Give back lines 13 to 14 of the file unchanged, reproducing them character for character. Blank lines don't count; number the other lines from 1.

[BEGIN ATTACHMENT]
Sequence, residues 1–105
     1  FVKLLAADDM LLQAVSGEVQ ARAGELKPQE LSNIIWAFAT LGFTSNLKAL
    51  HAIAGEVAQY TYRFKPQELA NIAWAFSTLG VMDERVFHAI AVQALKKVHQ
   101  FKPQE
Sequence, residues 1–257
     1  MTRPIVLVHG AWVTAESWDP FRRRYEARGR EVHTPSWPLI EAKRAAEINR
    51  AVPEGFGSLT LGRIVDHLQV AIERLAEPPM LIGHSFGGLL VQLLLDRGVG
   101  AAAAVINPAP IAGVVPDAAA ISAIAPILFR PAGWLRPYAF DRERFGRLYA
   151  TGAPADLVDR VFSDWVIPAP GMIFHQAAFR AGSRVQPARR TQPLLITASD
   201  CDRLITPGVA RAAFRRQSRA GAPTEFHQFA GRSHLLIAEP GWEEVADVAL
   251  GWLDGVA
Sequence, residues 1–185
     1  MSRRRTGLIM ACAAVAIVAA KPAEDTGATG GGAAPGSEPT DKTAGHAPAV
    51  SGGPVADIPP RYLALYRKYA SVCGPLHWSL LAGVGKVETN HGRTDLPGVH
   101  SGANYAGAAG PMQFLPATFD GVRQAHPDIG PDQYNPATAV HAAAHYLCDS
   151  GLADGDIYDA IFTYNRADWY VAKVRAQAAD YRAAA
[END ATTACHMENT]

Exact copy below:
     1  MSRRRTGLIM ACAAVAIVAA KPAEDTGATG GGAAPGSEPT DKTAGHAPAV
    51  SGGPVADIPP RYLALYRKYA SVCGPLHWSL LAGVGKVETN HGRTDLPGVH